The Women’s March must keep its momentum against discrimination


Taylor Newby, Opinions Columnist

Thousands of women and men flooded the streets of cities spread across the United States to participate in the Jan. 19 Women’s March, which started in 2017, just days after President Trump’s inauguration. Holding signs stapled with messages of unity and change while honing their resilient voices, women brought with them an air of determination to be heard. And it worked.

Since 2017, the #MeToo movement has prompted allegations of sexual misconduct to be taken more seriously than ever before. This year, a record-breaking number of women belonging to both Democratic and Republican parties have been elected into office. And change continues to shake our country.

And so, it was crucial that the crowds continued to show up just the same this year, despite the allegations circling discriminatory comments from a single co-chair member. The overall message of the Women’s March prevails against a single woman’s wrong and hurtful words. Women unifying beneath discrimination and hate is exactly the miracle of this movement.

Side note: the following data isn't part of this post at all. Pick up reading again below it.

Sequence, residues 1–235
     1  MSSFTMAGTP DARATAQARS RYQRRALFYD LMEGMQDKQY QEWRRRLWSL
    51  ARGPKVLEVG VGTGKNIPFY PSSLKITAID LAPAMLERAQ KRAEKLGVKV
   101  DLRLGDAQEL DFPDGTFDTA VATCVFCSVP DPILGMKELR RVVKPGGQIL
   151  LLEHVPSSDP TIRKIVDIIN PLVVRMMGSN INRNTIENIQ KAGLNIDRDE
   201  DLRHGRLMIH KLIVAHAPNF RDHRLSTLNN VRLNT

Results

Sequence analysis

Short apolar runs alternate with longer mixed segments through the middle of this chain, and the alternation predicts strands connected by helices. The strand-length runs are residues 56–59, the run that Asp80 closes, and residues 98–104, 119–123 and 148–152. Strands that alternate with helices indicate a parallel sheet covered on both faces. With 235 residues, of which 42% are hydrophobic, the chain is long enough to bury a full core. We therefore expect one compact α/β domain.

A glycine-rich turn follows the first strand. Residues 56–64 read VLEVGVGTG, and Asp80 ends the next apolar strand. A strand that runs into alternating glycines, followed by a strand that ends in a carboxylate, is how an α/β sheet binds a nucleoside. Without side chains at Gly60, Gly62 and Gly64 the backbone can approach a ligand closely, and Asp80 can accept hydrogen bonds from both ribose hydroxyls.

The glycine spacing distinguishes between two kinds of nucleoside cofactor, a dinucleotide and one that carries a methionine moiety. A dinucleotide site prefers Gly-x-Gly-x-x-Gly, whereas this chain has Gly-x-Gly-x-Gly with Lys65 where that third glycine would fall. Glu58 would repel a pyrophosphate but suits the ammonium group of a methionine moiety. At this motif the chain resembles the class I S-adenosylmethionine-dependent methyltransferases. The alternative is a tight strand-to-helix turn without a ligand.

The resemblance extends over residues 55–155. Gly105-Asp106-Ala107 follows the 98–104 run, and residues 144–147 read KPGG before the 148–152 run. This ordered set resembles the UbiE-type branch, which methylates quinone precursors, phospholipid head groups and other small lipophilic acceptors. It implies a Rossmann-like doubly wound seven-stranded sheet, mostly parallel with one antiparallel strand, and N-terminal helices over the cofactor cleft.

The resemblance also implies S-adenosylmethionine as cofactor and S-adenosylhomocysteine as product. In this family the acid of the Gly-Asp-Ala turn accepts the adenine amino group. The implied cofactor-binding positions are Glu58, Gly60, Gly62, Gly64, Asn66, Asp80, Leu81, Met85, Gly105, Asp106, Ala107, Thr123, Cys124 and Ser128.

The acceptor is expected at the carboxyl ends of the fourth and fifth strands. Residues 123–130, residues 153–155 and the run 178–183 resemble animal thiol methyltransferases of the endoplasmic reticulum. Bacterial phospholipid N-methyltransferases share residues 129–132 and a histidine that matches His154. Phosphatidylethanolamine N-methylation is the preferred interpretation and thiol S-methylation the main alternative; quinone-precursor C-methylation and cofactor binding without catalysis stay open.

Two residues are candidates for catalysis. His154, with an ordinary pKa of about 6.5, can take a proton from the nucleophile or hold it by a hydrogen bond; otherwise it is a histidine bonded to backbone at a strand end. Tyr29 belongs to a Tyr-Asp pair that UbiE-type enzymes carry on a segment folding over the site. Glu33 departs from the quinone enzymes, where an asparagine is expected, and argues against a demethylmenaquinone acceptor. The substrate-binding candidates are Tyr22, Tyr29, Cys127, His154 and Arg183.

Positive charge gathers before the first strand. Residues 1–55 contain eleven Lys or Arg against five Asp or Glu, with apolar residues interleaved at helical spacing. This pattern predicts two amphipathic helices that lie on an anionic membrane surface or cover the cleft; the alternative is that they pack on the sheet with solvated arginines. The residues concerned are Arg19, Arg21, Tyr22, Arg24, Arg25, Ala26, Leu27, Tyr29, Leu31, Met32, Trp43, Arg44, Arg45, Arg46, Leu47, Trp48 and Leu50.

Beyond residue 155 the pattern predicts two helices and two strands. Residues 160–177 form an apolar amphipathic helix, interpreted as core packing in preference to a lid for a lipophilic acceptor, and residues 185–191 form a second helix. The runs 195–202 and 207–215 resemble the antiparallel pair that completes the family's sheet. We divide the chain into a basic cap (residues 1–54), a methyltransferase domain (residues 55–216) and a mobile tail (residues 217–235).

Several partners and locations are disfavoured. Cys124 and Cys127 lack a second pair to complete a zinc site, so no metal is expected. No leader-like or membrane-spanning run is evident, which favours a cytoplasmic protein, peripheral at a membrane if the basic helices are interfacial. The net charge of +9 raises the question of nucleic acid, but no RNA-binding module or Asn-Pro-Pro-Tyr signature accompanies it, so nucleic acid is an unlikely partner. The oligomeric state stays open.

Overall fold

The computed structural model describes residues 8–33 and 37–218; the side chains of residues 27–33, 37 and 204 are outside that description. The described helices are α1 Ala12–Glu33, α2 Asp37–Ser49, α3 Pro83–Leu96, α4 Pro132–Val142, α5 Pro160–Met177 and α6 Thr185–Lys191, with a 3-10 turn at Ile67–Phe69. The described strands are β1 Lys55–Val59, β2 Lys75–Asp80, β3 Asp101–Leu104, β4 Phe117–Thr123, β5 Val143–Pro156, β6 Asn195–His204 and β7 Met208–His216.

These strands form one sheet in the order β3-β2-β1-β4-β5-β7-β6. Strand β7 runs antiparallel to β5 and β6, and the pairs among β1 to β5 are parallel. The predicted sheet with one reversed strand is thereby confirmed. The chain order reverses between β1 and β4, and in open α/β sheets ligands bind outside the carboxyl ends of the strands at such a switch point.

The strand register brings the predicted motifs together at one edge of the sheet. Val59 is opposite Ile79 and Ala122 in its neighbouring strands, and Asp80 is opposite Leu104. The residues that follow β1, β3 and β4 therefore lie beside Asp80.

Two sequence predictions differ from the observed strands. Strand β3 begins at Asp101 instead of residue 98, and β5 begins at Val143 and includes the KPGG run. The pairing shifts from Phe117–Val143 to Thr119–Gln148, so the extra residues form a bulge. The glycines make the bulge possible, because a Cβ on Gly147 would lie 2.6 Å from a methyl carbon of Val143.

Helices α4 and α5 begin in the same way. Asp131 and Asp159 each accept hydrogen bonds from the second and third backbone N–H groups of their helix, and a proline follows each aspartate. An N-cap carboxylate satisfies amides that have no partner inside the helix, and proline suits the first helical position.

This march is about women fighting together, side by side, raising flags and voices against squandered freedom, seeking equality and empowerment for all. This movement is bigger than discriminative statements because the sole purpose of this movement is to stand together against such statements — regardless of religion, socioeconomic status, or race.

“The mission of Women’s March is to harness the political power of diverse women and their communities to create transformative social change,” according to the Women’s March website.

If a co-chair of the Women’s March can’t exemplify this statement, then at least the thousands of women and men marching on Jan. 19 can, using this devastating circumstance as further fuel to carry on, keep the conversation going and continue fighting for equality for all women, everywhere.